William Byron is back in familiar territory. One year ago, 20 races into the regular season, he was 12th in overall points and fighting to solidify a spot in the NASCAR Cup Series playoffs. Holding a 61-point advantage over the cutline leaving New Hampshire Motor Speedway, Byron continued his rebound from a rough start to the season and put the No. 24 inside the playoffs in his second year.
In 2020, Byron is once again part of the playoff picture leaving New Hampshire. But this time, his path toward the postseason is a bit more difficult. Instead of being 12th on the playoff grid, he’s 16th, the last position left that would get him in. He only has a 15-point cushion on the drivers currently outside the playoffs. Much like 2019, the No. 24 team had a rough start to the season and has been trying to dig out of a hole ever since. With drivers like Tyler Reddick, Jimmie Johnson and Erik Jones not far behind, Byron will need another late summer rally to make sure he is not left out of the playoffs.
It is a little surprising that Byron is fighting for his postseason life this late in the regular season, especially when you consider the trajectory of his career. In just a few years, he went from a virtual unknown to the new driver of Hendrick Motorsports’ famed No. 24. Along the way, he spent one year in the Truck Series and won seven races in 23 starts. Byron then moved to the Xfinity Series in 2017 and captured the championship as a 19-year-old rookie. Rick Hendrick promptly called him up to the Cup Series, effectively taking Kasey Kahne’s spot on the roster. Hendrick appeared to have found his next superstar.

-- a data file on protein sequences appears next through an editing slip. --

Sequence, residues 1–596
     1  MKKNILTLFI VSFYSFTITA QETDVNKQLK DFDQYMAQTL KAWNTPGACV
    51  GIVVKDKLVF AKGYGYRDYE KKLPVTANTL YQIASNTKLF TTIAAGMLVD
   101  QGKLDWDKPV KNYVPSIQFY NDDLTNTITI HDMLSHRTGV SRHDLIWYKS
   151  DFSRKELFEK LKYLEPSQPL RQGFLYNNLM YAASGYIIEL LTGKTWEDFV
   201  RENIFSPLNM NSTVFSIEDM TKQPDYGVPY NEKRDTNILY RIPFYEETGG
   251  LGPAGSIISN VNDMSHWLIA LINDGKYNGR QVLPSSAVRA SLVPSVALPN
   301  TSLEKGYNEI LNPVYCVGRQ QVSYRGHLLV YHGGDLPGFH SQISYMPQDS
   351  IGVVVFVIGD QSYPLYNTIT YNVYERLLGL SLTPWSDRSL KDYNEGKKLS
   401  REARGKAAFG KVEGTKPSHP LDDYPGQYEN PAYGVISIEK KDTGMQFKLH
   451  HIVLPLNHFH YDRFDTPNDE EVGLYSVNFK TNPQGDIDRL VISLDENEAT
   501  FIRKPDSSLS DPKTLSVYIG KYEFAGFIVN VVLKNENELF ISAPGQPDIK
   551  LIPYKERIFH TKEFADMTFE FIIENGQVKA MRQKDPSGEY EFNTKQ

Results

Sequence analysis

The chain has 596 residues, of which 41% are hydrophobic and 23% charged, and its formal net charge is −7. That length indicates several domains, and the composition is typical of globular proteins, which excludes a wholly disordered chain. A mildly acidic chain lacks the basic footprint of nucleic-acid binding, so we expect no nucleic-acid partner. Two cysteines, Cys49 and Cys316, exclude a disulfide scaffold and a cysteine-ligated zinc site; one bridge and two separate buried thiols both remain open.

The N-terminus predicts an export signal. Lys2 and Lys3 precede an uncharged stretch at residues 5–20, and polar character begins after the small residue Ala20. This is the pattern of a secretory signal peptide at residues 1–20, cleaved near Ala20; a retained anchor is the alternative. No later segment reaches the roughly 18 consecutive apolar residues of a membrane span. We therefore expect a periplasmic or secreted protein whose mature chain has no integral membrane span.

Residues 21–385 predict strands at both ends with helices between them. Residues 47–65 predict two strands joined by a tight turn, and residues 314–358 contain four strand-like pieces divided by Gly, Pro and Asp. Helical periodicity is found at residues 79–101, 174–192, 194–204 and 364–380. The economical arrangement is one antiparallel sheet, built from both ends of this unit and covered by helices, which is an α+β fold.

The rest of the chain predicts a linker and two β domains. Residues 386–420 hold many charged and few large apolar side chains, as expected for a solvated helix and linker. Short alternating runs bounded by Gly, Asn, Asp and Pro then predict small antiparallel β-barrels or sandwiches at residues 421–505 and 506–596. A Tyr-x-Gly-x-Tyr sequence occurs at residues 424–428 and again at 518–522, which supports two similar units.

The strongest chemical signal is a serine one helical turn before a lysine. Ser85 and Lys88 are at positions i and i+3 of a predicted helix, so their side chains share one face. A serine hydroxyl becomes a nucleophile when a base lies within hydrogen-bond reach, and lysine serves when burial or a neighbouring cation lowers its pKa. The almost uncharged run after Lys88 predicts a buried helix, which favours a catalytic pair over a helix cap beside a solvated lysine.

Two and a half years later, Byron’s progress has slowed considerably. His rookie season was a major struggle, although that wasn’t a shock given Byron’s age, lack of experience and difficulties that the Hendrick organization faced in 2018 as a whole. The 2019 season figured to be better, especially when Byron got seven-time championship crew chief Chad Knaus moved over to his team. Indeed, Byron made good on those predictions. Along with making the playoffs, he led more laps and earned his first top fives and more top 10s than the previous year. As a result, many people believed he would take at least another small step forward in 2020, maybe more.
But so far, this year has not had many positives for Byron. If anything, the No. 24 team has regressed. Byron is one of only four drivers in the top 25 in points without a top-five finish. The only race where he has led more than 15 laps was at Kansas Speedway, where he took the lead on a pit strategy call. Other times, when Byron has had a fast car, wrecks have taken him out of contention. Not all of them have been his fault, but they have contributed to a trend this year of the No. 24 team struggling to close races.